Dakgangjeong (Koreatown Fried Chicken)

Try this recipe for Korean fried chicken from the 'Koreatown: A Cookbook'
Dakgangjeong (Koreatown Fried Chicken)

Same Horine

Dakgangjeong (Koreatown Fried Chicken)

When it comes to the art of frying chicken, Koreans could give Southerners a run for their money. There, said it. Korean fried chicken (KFC) chains have set up shop in the Koreatowns of New York, Chicago, Atlanta and Los Angeles. KFC combines savory, spicy glazes and skin that shatters like glass. And guess what? We have the secret. Booyah!

Many have said that frying the chicken twice achieves a next-level crunch, which we aren’t going to deny. But the real key is the batter. Ours uses soju, which inhibits gluten formation and keeps the batter light. If you have a little extra time, we highly recommend partially frying the chicken, then freezing it for at least two hours before a second fry.

We offer recipes for two classic sauces you will find at Koreatown chicken joints: spicy and soy garlic. You can also simply season with salt and pepper and dot with Frank’s Red Hot, which elevates any fried chicken experience, Korean or otherwise. 

Reprinted from Koreatown: A Cookbook. Copyright © 2016 by Deuki Hong and Matt Rodbard. Photographs copyright © 2016 by Sam Horine. Published by Clarkson Potter, an imprint of Penguin Random House, LLC.

4
Servings
1127
Calories Per Serving
Deliver Ingredients

Ingredients

For the chicken:

  • 8 Cups vegetable oil
  • 2 Pounds chicken wings or thighs
  • 1/2 Cup cornstarch
  • 1/2 Cup all-purpose flour
  • 1/2 Teaspoon baking powder
  • 1 Teaspoon kosher salt, plus more to taste
  • 1/2 Cup soju or vodka
  • 1/2 Cup ice-cold water
  • Soy Garlic Glaze or Hot Sauce Glaze (recipes below)
  • 1/4 Cup sliced scallions

For the soy garlic glaze:

  • 1/4 Cup Korean rice or corn syrup
  • 1/4 Cup soy sauce
  • 2 garlic cloves, minced
  • 1 Tablespoon mirin
  • 1 Tablespoon sesame oil`

For the hot sauce glaze:

  • 1/2 Cup gochujang
  • 5 Tablespoons hot sauce, such as Frank’s Red Hot

Directions

For the chicken:

Heat the vegetable oil over low heat in a heavy pot or Dutch oven with high sides until the oil registers 350 degrees F on a frying thermometer. If you don’t have a thermometer, test the heat by spooning a bit of batter into the oil. If it sizzles immediately and floats to the top, chances are you’re ready. (If you’re using chicken wings, while the oil heats, use a sharp knife to feel for the joints between the wings and drumettes, and cut through to separate them.)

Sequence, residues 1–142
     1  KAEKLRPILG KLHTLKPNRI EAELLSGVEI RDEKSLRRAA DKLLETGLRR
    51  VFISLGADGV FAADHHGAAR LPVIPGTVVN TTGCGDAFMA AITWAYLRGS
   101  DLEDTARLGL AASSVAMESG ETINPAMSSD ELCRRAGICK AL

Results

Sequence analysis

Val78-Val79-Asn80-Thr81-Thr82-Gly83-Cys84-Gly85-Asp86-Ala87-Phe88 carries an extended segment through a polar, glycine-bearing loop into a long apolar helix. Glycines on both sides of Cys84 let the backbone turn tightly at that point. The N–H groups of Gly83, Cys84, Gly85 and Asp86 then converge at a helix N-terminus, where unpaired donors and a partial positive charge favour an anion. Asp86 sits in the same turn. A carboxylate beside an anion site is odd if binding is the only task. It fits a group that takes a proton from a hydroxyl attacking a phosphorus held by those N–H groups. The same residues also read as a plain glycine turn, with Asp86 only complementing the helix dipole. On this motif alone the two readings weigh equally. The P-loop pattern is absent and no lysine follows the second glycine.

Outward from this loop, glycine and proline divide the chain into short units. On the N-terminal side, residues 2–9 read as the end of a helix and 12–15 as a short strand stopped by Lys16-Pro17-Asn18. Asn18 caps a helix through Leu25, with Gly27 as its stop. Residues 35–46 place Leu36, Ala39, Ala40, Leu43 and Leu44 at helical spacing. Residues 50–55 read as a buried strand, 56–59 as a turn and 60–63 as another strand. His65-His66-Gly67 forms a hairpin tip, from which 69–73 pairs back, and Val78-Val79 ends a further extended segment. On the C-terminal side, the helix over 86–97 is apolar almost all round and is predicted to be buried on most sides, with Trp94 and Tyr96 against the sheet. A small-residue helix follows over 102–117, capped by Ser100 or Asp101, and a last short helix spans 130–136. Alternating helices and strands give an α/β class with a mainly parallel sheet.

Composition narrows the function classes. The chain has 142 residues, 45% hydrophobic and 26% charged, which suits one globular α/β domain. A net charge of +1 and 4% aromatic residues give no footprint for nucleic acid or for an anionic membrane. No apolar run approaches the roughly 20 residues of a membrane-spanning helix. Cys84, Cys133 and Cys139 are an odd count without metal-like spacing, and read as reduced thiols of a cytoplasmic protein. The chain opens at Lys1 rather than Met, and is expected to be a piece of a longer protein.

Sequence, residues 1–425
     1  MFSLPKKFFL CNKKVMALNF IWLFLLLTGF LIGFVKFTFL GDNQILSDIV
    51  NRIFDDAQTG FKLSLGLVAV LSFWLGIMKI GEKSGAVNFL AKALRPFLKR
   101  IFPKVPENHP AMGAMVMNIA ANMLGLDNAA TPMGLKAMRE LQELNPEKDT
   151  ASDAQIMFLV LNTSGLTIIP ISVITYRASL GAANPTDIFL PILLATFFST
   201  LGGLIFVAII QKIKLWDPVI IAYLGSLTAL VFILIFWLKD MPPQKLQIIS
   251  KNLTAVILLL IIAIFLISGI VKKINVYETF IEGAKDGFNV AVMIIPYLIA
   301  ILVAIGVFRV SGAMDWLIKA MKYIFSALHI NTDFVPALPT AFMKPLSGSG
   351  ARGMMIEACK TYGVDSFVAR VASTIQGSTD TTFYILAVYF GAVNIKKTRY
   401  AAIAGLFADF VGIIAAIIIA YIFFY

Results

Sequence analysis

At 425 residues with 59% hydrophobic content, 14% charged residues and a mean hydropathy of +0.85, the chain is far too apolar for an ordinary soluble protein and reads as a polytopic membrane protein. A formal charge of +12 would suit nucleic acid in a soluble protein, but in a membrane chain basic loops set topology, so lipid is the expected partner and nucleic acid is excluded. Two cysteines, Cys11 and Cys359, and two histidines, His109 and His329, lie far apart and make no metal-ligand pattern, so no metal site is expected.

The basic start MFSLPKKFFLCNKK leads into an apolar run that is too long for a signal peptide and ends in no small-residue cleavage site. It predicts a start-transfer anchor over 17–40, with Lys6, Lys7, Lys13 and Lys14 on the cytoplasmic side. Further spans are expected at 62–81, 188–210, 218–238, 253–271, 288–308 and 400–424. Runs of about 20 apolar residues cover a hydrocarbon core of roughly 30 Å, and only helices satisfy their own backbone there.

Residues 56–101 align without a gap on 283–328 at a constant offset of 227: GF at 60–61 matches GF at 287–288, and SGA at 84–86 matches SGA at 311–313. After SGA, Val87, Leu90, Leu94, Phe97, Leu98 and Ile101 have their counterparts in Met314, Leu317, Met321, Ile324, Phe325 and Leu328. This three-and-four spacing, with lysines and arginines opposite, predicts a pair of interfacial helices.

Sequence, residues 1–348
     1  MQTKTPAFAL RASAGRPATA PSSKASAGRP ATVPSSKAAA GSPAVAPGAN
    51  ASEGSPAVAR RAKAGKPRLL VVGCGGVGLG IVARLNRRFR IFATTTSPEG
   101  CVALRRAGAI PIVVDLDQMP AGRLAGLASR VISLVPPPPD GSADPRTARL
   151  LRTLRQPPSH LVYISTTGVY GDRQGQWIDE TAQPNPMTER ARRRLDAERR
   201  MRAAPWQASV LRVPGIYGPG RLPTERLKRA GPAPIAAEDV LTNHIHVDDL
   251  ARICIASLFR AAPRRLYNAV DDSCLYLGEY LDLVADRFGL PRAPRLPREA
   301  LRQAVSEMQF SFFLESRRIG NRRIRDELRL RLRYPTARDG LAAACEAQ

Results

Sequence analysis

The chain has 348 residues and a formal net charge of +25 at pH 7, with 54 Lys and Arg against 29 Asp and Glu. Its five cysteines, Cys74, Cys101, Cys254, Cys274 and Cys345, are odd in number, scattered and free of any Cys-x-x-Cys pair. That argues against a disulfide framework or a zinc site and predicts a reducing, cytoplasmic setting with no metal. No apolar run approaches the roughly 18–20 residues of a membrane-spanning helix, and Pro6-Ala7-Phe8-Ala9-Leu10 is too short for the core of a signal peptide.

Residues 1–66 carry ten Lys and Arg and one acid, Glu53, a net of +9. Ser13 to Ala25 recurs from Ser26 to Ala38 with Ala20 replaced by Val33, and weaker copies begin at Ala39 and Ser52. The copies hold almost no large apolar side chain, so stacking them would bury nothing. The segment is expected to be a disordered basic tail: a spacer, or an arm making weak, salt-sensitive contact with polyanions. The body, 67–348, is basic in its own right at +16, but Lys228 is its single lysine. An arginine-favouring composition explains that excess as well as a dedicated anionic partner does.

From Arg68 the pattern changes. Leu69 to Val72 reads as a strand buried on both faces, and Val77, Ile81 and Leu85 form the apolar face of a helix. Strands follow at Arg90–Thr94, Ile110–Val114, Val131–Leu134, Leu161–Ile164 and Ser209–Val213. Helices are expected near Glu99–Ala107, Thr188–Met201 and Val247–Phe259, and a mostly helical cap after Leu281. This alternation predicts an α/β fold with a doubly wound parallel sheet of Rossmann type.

2 In a medium bowl, whisk together the cornstarch, all-purpose flour, baking powder, 1 teaspoon salt, soju and cold water. Dip chicken parts in batter until evenly coated, shaking off excess batter, and place on a platter or tray.

3 Set up a tray or platter lined with paper towels. Raise the heat to medium-high and maintain the oil at 350 degrees F. Carefully lower the chicken into the oil, as many pieces as will fit comfortably, and fry for 8 to 10 minutes, until golden brown and cooked through. With a heatproof slotted spoon, remove the chicken pieces and drain them on the paper-towel-lined tray. Immediately season with salt. While still hot, toss the chicken in a large bowl with just enough glaze to coat. Garnish with scallions and serve immediately.

A RECOMMENDATION: Instead of frying for the full 8 to 10 minutes, fry just until the skin reaches a light blonde, 4 to 5 minutes. Cool on a paper towel-lined tray until room temperature and freeze for at least 2 hours and up to overnight. When you are ready to serve, heat the frying oil to 375 degrees F and drop the cold, partially fried chicken in for 4 to 5 minutes, until deep golden brown and cooked through. Immediately season with salt, toss with glaze, and garnish with scallions. Adding the frozen, partially cooked chicken to hot oil is the key to achieving the ideal crust. In nerdier terms, the water particles in the crust freeze, and as a result the ice shards break open the starch cells, creating more surface area to crisp. Shouts to Francis Lam for that info.

For the soy garlic glaze:

Combine syrup, soy sauce, garlic and mirin in a small saucepan and bring to a boil over high heat. Boil for 1 minute. Allow to cool to room temperature and stir in sesame oil. Hold until ready to use.

For the hot sauce glaze:

Combine gochujang and hot sauce in a small bowl and whisk together until smooth. Hold until ready to use.

Nutritional Facts

Total Fat
58g
83%
Sugar
12g
13%
Saturated Fat
16g
67%
Cholesterol
211mg
70%
Carbohydrate, by difference
92g
71%
Protein
55g
100%
Vitamin A, RAE
103µg
15%
Vitamin B-12
1µg
42%
Vitamin B-6
1mg
77%
Vitamin C, total ascorbic acid
6mg
8%
Vitamin K (phylloquinone)
4µg
4%
Calcium, Ca
95mg
10%
Choline, total
11mg
3%
Fiber, total dietary
4g
16%
Folate, total
126µg
32%
Iron, Fe
7mg
39%
Magnesium, Mg
77mg
24%
Manganese, Mn
1mg
56%
Niacin
16mg
100%
Pantothenic acid
2mg
40%
Phosphorus, P
450mg
64%
Riboflavin
1mg
91%
Selenium, Se
65µg
100%
Sodium, Na
1640mg
100%
Thiamin
1mg
91%
Water
187g
7%
Zinc, Zn
5mg
63%

Fried Chicken Shopping Tip

Buy whole chickens and ask the butcher to quarter them for you. You will save an average of $5 per pound, or more.

Fried Chicken Cooking Tip

Wash everything that chicken touches with soap and hot water.